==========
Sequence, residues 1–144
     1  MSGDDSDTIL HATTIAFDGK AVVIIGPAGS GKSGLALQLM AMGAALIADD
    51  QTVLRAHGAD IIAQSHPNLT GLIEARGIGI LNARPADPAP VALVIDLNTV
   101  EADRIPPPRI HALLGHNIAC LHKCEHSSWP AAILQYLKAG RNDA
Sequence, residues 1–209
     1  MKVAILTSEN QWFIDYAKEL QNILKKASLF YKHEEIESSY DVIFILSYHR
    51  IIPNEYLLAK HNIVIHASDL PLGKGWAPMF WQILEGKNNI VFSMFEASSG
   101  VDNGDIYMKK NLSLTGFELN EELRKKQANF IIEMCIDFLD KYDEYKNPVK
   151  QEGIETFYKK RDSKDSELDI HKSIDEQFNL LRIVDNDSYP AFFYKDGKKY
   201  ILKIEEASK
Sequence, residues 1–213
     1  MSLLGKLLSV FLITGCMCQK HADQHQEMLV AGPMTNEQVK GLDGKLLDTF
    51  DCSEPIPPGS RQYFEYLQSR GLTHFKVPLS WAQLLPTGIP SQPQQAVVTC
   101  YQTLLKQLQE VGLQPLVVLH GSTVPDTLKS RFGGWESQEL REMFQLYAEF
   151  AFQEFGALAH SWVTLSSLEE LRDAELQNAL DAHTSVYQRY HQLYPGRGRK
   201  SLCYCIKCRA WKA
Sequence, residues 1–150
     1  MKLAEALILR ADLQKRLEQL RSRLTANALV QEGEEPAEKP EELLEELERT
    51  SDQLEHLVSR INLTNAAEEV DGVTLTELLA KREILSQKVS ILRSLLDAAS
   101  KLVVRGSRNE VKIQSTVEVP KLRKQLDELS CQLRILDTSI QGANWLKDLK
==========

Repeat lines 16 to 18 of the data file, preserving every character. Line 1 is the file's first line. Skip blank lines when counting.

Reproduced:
   201  SLCYCIKCRA WKA
Sequence, residues 1–150
     1  MKLAEALILR ADLQKRLEQL RSRLTANALV QEGEEPAEKP EELLEELERT